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INTRODUCTION: Male infertility is a widespread disease with an etiology that is not always clear. A number of studies have reported a decrease in sperm production in the last forty years. Although the reasons are still undefined, the change in environmental conditions and the higher exposure to endocrine-disrupting chemicals (EDCs), namely bisphenol A, phthalates, polychlorinated biphenyls, polybrominated diphenyl esters, dichlorodiphenyl-dichloroethylene, pesticides, and herbicides, organophosphates, and heavy metals, starting from prenatal life may represent a possible factor justifying the temporal decline in sperm count.

AIM: The aim of this study is to provide a comprehensive description of the effects of the exposure to EDCs on testicular development, spermatogenesis, the prevalence of malformations of the male genital tract (cryptorchidism, testicular dysgenesis, and hypospadias), testicular tumor, and the mechanisms of testicular EDC-mediated damage.

NARRATIVE REVIEW: Animal studies confirm the deleterious impact of EDCs on the male reproductive apparatus. EDCs can compromise male fertility by binding to hormone receptors, dysregulating the expression of receptors, disrupting steroidogenesis and hormonal metabolism, and altering the epigenetic mechanisms. In humans, exposure to EDCs has been associated with poor semen quality, increased sperm DNA fragmentation, increased gonadotropin levels, a slightly increased risk of structural abnormalities of the genital apparatus, such as cryptorchidism and hypospadias, and development of testicular tumor. Finally, maternal exposure to EDCs seems to predispose to the risk of developing testicular tumors.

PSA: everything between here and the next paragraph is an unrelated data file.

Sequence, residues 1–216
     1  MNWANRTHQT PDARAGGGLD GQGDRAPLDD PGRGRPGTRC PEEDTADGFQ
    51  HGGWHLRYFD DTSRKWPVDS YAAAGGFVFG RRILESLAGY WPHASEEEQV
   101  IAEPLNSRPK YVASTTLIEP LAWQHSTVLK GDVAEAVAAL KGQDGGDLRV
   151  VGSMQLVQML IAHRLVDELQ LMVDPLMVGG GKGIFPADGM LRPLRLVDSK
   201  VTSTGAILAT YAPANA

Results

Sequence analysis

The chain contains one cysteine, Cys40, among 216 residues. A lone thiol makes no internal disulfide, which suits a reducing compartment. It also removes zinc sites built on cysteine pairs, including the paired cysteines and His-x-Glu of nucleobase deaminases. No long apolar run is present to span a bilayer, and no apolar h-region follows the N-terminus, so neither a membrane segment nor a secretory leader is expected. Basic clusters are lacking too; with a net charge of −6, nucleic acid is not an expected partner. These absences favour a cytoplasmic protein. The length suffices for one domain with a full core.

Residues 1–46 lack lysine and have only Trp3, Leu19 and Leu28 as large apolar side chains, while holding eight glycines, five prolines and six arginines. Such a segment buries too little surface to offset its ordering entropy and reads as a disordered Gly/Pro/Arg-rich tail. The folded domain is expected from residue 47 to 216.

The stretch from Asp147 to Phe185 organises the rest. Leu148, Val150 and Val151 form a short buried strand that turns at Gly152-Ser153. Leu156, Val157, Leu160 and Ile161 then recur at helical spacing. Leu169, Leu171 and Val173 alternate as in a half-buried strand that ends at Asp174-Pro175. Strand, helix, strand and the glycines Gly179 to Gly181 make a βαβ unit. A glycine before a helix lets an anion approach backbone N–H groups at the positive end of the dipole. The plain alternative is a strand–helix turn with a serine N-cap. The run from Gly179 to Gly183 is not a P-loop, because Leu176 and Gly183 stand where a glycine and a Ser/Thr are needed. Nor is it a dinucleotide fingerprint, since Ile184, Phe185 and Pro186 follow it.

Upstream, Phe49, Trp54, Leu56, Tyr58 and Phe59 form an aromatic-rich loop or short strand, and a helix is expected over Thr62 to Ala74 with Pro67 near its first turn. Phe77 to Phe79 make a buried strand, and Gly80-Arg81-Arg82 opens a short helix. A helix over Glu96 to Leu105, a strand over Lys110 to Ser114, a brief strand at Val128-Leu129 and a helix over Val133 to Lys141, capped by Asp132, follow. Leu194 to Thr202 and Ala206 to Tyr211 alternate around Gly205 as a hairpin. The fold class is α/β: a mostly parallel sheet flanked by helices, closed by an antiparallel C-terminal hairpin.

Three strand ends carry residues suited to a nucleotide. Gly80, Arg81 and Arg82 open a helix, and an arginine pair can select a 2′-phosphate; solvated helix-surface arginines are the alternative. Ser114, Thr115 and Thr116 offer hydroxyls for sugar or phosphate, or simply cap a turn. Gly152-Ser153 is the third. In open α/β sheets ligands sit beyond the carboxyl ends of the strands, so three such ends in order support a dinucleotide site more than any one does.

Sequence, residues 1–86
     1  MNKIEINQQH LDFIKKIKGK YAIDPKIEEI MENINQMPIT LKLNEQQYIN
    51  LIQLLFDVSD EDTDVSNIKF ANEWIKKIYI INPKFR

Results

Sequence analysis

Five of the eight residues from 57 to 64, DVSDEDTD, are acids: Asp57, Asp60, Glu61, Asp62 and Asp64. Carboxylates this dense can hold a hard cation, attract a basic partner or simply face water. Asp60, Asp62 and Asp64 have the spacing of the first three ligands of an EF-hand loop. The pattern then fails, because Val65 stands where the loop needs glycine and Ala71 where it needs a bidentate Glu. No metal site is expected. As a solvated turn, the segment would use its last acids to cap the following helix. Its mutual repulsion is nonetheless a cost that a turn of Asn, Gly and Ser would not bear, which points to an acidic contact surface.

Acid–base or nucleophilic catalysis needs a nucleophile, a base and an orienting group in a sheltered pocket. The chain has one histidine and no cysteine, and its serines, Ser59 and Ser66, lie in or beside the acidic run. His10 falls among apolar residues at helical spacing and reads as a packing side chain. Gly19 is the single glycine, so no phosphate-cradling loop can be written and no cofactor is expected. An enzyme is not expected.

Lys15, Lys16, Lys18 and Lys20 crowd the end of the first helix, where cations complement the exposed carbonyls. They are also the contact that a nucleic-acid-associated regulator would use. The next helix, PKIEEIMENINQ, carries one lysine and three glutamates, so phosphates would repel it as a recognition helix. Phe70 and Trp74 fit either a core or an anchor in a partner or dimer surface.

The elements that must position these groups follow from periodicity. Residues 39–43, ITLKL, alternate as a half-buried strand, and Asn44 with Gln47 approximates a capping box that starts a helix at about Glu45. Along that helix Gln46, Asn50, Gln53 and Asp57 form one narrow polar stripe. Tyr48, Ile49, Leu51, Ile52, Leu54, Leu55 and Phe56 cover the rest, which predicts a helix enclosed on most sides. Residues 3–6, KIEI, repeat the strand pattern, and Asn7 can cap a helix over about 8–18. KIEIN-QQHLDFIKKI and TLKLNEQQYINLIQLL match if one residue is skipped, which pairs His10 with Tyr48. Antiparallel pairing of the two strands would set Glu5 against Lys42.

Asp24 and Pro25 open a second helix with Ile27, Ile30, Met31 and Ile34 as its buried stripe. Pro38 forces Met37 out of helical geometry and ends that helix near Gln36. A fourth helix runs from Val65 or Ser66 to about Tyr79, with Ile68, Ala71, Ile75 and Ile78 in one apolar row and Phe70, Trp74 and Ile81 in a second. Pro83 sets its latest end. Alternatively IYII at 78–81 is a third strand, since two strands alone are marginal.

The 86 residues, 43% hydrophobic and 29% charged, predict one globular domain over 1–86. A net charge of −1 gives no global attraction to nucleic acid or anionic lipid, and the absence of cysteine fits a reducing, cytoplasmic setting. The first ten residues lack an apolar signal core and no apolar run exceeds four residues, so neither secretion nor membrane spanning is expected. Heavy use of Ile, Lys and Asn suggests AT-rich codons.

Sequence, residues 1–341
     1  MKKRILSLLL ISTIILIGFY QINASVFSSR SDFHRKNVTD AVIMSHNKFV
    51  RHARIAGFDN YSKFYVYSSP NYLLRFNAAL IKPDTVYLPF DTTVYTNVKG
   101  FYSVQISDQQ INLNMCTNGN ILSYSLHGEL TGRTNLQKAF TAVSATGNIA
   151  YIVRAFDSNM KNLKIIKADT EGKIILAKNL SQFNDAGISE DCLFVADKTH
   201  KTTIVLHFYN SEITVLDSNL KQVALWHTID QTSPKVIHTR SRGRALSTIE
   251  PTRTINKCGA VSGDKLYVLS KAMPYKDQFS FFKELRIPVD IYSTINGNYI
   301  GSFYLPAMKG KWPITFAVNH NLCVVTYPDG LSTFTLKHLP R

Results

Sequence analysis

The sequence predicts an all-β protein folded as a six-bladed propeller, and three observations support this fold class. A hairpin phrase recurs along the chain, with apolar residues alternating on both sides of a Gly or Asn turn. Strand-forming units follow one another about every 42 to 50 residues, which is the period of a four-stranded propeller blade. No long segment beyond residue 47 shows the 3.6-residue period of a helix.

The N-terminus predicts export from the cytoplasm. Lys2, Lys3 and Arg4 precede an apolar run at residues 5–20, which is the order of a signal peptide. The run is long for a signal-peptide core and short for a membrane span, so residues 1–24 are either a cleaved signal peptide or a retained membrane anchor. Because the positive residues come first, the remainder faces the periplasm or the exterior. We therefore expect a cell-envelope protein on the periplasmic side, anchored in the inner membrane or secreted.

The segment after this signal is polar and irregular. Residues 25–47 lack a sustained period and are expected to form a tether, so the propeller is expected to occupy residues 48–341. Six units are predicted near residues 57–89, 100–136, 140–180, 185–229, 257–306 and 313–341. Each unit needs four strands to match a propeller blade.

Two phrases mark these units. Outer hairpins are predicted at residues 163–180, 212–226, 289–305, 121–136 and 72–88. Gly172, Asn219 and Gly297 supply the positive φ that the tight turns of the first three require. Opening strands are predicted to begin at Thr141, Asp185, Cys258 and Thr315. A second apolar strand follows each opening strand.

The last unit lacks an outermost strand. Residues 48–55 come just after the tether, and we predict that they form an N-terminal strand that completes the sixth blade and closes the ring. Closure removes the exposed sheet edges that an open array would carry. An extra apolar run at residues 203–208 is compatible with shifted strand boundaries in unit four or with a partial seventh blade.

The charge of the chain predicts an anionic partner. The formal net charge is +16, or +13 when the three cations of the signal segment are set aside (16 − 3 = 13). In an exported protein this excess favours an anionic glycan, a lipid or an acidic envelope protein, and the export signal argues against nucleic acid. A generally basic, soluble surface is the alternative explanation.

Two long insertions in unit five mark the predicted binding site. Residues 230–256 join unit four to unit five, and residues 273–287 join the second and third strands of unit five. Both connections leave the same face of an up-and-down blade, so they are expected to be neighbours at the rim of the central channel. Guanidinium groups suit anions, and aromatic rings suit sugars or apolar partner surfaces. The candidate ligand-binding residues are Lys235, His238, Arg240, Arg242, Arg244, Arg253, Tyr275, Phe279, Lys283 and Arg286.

CONCLUSION: EDCs negatively impact the testicular function, as suggested by evidence in both experimental animals and humans. A prenatal and postnatal increase to EDC exposure compared to the past may likely represent one of the factors leading to the temporal decline in sperm counts.

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